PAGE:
I did something crazy Monday. Quite possibly the craziest thing I've ever done. But that remains to be seen.
I couldn't help it, really. The button was just there and something told me I had to push it. So I did. It wasn't quite as impetuous as it sounds. I'd visited and been tempted to push the button before, but had somehow gathered the sense to resist. But not Monday.
My flirtation with the button began 6 weeks or so ago when I met my friend Tracey Outlaw for a quick dinner. Tracey and I'd connected online through the Megsmiles Facebook page, a group of several thousand people who've joined forces in the aftermath of Meg Menzies' death (God's Newest Angel) to search for and spread greater good in the aftermath of what seemed otherwise a senseless passing. At some point in our first face to face conversation, Tracey shared how excited he was about the upcoming Richmond Marathon in November. Many runners from the Megsmiles community will be running in the event to honor Meg - one she would have undoubtedly been running in herself - and the thought of putting faces with the countless postings of love, care and support over the past year visibly moved him. And in turn me.
When I got back home that evening I immediately went to the Richmond Marathon website. To my disappointment running a marathon still required one to cover 26.2 miles without the benefit of an automobile. Which meant I remained ineligible by my own admission. But that's when I saw the button. The Richmond Half-Marathon button. Don't get me wrong, running half a marathon only sounded half as crazy as the idea of me running 26 miles, which was still straight jacket crazy for sure. But for just a moment it sounded irrationally feasible. Then I rationally remembered the furthest I'd ever run in my life over one run was 8 miles.
So I closed the website.
A few days later I was out for a short run when I saw Scott, Meg's husband, running through town. We stopped and chatted for a bit. Before I knew it I was in another conversation about the Richmond Marathon. I asked Scott if he was running it. He said he thought he would. He also said he thought for many reasons it might be harder than running the Boston Marathon soon after Meg's death. I didn't sense he was talking about the actual running itself. I think emotionally having so many people together in one place who've been such a support to him and his family this year was overwhelming to think about.
When I got home from my run I went back to that website. I stared at the button for awhile. I almost pushed it that day, but I thought about the pain I'd been having in my heel lately. Thanks to reading Megsmiles posts I know the pain is likely associated with something called plantar fascilitis, which sounds like a Latin foot disease. I didn't think it would be wise to run that far with a Latin foot disease, so I didn't push the button.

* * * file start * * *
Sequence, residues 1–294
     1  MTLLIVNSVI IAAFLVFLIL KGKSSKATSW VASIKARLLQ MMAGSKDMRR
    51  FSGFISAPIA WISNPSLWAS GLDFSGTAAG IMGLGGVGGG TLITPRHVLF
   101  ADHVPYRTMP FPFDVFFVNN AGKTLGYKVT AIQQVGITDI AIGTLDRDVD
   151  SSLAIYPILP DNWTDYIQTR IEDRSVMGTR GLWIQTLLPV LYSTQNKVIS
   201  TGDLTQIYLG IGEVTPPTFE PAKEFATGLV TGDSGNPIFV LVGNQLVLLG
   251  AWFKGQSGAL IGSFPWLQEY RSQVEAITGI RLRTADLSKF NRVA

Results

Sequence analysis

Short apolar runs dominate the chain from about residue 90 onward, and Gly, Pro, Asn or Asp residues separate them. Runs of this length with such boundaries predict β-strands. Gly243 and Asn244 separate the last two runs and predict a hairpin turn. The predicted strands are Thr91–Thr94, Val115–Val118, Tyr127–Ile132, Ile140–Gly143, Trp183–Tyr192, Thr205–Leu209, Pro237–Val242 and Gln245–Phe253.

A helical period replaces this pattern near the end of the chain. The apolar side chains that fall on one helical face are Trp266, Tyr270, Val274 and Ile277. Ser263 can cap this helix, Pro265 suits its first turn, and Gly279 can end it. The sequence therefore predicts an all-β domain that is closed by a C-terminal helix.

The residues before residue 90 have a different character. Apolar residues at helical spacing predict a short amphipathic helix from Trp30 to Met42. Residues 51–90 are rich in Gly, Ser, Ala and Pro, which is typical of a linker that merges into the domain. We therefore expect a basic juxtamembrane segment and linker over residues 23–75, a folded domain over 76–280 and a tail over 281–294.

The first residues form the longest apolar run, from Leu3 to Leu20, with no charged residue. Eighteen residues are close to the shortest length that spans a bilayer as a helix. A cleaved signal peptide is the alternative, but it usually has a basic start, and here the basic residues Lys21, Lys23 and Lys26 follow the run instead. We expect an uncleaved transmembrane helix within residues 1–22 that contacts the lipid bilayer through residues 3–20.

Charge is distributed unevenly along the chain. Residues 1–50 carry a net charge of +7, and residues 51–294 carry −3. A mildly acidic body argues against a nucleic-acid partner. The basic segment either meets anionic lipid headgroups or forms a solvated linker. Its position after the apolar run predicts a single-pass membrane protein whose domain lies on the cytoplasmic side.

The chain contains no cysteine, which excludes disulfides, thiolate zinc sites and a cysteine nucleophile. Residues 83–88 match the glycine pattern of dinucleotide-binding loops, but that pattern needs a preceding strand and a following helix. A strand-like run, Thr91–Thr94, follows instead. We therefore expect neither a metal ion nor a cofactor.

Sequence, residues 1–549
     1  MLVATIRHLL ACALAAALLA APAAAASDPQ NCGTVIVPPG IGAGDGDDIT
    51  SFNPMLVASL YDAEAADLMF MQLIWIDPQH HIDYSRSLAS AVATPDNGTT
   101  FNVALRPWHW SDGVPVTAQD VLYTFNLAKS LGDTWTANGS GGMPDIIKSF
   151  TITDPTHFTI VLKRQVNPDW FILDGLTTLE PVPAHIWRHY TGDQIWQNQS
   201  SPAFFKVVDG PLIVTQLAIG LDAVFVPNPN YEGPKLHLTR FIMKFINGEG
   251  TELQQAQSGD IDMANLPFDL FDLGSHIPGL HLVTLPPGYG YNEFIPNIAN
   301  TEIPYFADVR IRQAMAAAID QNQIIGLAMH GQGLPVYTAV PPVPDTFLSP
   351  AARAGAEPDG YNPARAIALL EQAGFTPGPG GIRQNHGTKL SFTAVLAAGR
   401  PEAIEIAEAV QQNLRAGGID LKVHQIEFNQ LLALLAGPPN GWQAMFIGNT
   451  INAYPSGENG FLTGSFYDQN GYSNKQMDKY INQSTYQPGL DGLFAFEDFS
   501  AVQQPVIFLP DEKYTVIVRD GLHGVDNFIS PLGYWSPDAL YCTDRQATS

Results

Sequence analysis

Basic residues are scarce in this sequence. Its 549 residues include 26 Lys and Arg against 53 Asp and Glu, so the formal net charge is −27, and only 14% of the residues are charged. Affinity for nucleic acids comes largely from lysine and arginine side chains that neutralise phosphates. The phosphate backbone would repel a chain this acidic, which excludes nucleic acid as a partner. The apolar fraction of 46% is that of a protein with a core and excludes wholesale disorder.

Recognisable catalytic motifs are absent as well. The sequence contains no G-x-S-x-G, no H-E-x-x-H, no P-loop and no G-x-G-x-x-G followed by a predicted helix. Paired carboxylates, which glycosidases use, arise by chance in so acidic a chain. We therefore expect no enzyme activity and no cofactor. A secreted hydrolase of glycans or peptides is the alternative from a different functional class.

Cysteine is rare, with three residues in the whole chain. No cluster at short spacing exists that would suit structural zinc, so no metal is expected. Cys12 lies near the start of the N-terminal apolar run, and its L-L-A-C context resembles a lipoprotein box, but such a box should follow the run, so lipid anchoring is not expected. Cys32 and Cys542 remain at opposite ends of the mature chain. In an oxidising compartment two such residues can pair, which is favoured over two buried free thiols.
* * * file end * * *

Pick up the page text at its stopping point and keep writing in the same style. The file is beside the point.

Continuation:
This past Monday I got to thinking about Scott. He'd once told me Mondays are especially hard since Meg's death. He didn't say why. I don't think he really knew why one day was harder than the others. I happened to read a scripture in Hebrews 12 that morning I felt led to share with him. So I sent it in a text message:
"Let us run with endurance the race that is set before us, looking to Jesus, the founder and perfector of our faith, who for the joy set before him endured the cross"
I told him the scripture was a reminder that all this struggle does end in the joy set before us.
Have you ever reached out to someone with a message you thought was for them but then once you delivered it you discovered the message was actually for you. I have. And that's exactly what I realized as soon as I sent this particular one to Scott.
"Let us run with endurance the race that is set before us."
I went back to that website. I saw that half-marathon button. And I pushed it.
Once I'd sent that message to Scott, I realized there'd been many Monday mornings he'd gotten out of bed in spite of countless reasons not to. Even though it seemed impossible to do. That's when I started once again thinking about all the reasons I couldn't run 13 miles, but his time I started thinking about them through the inspiration of so many of the Megsmiles posts I've read the past 9 months from so many inspirational people. And suddenly all the reasons I couldn't run a half-marathon weren't good reasons at all, they were simply a list of the things I'd have to overcome to do so. And so I pushed that button.
That afternoon I told Katie, my wife, that I'd pushed that button. I told her I simply had to cover 13 miles in under 4 hours. I reminded her I'd run a 10k a few years ago in 1 hour and 20 minutes, so certainly I could cover another 10k in 2 hours and 40 minutes. She very supportively - but with some concern for my health maybe - reminded me I couldn't walk for days after finishing that 10k.
So that only means this. I'll be wearing my new I run for Meg because Meg ran for Him shirt. And it's very likely those angel wings on the shirt are going to have to come alive those final 6 and a half miles or so and carry me home. I pushed that button to register with complete faith they will, that I'll be able to run with endurance this one race set before me.